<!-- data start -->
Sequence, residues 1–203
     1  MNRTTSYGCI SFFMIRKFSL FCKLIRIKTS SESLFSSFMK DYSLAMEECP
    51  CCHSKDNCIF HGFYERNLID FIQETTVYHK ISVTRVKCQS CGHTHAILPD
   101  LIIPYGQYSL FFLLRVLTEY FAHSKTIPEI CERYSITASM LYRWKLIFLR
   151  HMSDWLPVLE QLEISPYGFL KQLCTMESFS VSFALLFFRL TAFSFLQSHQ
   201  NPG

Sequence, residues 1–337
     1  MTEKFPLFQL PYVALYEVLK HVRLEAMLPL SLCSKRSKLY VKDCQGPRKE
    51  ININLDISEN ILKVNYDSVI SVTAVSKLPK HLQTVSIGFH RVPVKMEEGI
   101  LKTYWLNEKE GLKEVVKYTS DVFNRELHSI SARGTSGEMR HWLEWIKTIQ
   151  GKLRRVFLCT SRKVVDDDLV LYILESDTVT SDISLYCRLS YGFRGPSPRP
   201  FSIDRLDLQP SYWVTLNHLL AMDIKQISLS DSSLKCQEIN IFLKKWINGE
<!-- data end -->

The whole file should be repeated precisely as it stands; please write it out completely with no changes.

Sequence, residues 1–203
     1  MNRTTSYGCI SFFMIRKFSL FCKLIRIKTS SESLFSSFMK DYSLAMEECP
    51  CCHSKDNCIF HGFYERNLID FIQETTVYHK ISVTRVKCQS CGHTHAILPD
   101  LIIPYGQYSL FFLLRVLTEY FAHSKTIPEI CERYSITASM LYRWKLIFLR
   151  HMSDWLPVLE QLEISPYGFL KQLCTMESFS VSFALLFFRL TAFSFLQSHQ
   201  NPG

Sequence, residues 1–337
     1  MTEKFPLFQL PYVALYEVLK HVRLEAMLPL SLCSKRSKLY VKDCQGPRKE
    51  ININLDISEN ILKVNYDSVI SVTAVSKLPK HLQTVSIGFH RVPVKMEEGI
   101  LKTYWLNEKE GLKEVVKYTS DVFNRELHSI SARGTSGEMR HWLEWIKTIQ
   151  GKLRRVFLCT SRKVVDDDLV LYILESDTVT SDISLYCRLS YGFRGPSPRP
   201  FSIDRLDLQP SYWVTLNHLL AMDIKQISLS DSSLKCQEIN IFLKKWINGE